Restricting farm support funds so that they only reach active farmers might seem a simple enough objective but it is still proving to be a real challenge.
Ever since the new Common Agricultural Policy (Cap) was mooted back in 2009, Farm Minister Richard Lochhead has made the eradication of “slipper farming” a priority. NFU Scotland has been no less keen to make sure only genuine farmers are rewarded from what has become a much smaller funding package.
The alliance continues with NFU Scotland this week writing to Mr Lochhead praising his “robust attempts” to ensure activity is rewarded.
At the same time however the union is warning that European Commission interpretation of the rules is making the task more difficult. Additional measures may be needed to close loopholes which if exploited, as surely they would be, would see money seeping away to the detriment of the industry.
The slipper farmer of the old regime made money from parking high value entitlements on very poor land in the north and west of the country. That option has been made non-viable with the designation of such land as Region 3 with a payment of only 10 euros (£7.73) per hectare and the need for minimum stocking.
NFU Scotland has however identified two possible ways for a new breed of slipper farmer to prosper.
The first involves renting or owning Region 1 land but doing nothing beyond maintaining it to a qualifying standard. Region 1 encompasses 4.45million acres of the 11.86million acres classified as agricultural land and is nominally the best in the country with its mix of arable, temporary grass and permanent grass. Some of it however is of quite poor quality and could be rented cheaply enough to make the standard Basic Payment Scheme (BPS) rate of about 220 euros (£170) per hectare leaving an attractive margin without having to produce anything from it.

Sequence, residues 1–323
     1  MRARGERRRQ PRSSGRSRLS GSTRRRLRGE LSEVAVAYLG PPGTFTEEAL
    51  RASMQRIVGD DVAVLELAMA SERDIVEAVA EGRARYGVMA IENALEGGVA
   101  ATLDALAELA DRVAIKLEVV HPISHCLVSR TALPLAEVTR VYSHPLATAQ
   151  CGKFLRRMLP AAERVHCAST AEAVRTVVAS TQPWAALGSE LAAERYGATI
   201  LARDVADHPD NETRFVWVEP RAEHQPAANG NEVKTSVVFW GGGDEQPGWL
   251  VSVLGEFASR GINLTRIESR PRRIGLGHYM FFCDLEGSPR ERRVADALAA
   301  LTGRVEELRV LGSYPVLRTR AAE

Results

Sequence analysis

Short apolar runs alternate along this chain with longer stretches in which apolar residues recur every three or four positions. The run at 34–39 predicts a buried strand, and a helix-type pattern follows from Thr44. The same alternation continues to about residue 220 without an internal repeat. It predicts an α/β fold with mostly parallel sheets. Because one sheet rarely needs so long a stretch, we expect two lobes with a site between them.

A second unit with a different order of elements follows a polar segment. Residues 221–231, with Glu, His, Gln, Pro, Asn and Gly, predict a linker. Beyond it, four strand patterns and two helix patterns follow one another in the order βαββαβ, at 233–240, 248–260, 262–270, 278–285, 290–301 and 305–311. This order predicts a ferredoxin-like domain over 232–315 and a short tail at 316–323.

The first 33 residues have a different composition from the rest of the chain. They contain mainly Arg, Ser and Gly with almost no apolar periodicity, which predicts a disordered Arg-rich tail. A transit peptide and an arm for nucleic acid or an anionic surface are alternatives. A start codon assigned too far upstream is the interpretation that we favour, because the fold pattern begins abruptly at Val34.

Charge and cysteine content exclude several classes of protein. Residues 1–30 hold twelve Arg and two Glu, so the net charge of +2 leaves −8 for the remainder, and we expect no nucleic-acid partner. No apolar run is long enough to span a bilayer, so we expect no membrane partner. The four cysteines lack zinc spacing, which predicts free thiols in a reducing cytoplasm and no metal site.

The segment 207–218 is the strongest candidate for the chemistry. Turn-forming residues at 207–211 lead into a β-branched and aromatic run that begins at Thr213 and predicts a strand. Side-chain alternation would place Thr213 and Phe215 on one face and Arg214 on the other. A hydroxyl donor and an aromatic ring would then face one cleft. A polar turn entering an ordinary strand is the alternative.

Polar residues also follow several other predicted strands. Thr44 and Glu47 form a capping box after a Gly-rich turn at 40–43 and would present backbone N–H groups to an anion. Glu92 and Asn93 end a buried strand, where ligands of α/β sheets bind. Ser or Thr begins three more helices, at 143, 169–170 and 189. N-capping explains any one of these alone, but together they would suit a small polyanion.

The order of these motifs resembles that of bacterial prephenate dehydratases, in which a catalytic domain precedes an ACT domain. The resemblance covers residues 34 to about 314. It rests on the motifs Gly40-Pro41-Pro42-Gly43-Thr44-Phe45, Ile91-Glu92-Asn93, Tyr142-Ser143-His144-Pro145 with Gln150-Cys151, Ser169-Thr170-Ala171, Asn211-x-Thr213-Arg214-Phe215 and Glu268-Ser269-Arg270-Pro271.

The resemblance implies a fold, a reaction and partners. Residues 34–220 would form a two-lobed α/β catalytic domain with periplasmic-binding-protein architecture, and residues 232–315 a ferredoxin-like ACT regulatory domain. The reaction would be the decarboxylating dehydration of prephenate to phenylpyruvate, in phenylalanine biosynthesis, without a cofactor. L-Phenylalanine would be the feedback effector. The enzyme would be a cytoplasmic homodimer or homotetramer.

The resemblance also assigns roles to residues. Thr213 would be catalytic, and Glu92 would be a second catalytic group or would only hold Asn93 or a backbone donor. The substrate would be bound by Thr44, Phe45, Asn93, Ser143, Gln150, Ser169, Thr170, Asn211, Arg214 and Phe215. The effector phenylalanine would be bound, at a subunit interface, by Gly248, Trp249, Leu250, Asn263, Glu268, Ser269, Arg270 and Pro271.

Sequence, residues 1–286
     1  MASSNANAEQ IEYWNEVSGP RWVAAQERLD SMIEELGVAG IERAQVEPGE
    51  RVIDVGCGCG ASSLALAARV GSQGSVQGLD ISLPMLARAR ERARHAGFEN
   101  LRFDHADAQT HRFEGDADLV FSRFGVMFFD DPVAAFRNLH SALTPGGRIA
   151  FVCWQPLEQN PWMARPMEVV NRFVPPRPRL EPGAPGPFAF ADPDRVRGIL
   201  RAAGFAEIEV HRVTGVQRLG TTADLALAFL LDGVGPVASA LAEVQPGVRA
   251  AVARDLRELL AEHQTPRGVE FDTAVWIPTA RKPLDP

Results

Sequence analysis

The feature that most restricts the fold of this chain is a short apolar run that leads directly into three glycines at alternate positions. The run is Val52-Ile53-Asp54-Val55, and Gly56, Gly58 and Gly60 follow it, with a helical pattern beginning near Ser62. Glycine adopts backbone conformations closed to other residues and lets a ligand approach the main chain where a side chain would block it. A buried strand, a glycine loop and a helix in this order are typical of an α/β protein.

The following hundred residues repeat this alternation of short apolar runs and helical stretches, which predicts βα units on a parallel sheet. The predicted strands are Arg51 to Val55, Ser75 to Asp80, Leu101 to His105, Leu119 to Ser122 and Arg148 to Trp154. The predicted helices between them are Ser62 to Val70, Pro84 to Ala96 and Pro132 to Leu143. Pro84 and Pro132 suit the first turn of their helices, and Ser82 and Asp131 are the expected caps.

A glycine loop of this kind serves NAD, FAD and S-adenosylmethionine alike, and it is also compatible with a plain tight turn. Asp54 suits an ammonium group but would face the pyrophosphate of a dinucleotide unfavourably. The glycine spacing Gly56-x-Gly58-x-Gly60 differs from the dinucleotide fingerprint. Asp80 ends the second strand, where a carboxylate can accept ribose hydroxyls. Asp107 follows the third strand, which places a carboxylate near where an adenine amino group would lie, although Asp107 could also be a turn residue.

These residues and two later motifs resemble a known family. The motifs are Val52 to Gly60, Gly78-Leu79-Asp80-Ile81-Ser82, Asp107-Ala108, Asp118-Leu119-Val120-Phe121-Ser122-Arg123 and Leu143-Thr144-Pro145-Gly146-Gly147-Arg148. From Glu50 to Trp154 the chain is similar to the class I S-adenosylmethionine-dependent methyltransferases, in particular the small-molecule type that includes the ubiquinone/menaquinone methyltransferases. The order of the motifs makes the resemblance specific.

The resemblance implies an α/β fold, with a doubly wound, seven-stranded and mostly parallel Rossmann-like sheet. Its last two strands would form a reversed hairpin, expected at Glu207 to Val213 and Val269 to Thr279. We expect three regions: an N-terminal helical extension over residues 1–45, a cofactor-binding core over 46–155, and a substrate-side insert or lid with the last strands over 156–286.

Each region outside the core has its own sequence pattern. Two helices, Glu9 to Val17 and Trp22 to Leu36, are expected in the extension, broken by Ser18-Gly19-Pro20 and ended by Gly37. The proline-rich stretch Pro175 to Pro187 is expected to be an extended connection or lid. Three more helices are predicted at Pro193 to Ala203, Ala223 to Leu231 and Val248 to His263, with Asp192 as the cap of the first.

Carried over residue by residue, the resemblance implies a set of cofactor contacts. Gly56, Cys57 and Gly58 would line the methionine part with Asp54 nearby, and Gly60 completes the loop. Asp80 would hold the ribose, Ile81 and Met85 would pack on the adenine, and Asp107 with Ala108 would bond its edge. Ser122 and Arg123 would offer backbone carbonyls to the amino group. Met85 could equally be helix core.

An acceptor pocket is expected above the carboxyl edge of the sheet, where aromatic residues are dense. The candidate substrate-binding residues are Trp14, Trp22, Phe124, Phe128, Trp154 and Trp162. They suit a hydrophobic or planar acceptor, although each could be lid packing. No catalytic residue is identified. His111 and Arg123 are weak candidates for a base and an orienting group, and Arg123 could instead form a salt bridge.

The second category of concern would be those who use Region 1 land to claim payments but through the use of seasonal or grazing lets ensure that others deliver the agricultural activity.
NFU Scotland president Nigel Miller said: “In developing new payment regions under the BPS that try to mirror agricultural activity, the Scottish Government has wide industry support. Rewarding active producers in these payment regions is underpinned by both coupled schemes and the Scottish clause applied to land in Regions 2 and 3 with direct links to grazing activity.
“However, in the last 12 months, Scotland’s robust approach to activity has required modification to fit within the European Commission’s demands. That straitjacket must not create new pathways to slipper farming on the more productive, better quality land in Payment Region 1.”
He said the Scottish Government needed to work past EU constraints to ensure that any direct support payments were focused on productive land management.
“The union believes that additional barriers must be created to avoid negative impacts. Placing meaningful obligations on those that choose a maintenance approach for Region 1 land, rather than active farming, is important,” added Mr Miller, who is due to step down from his post next month.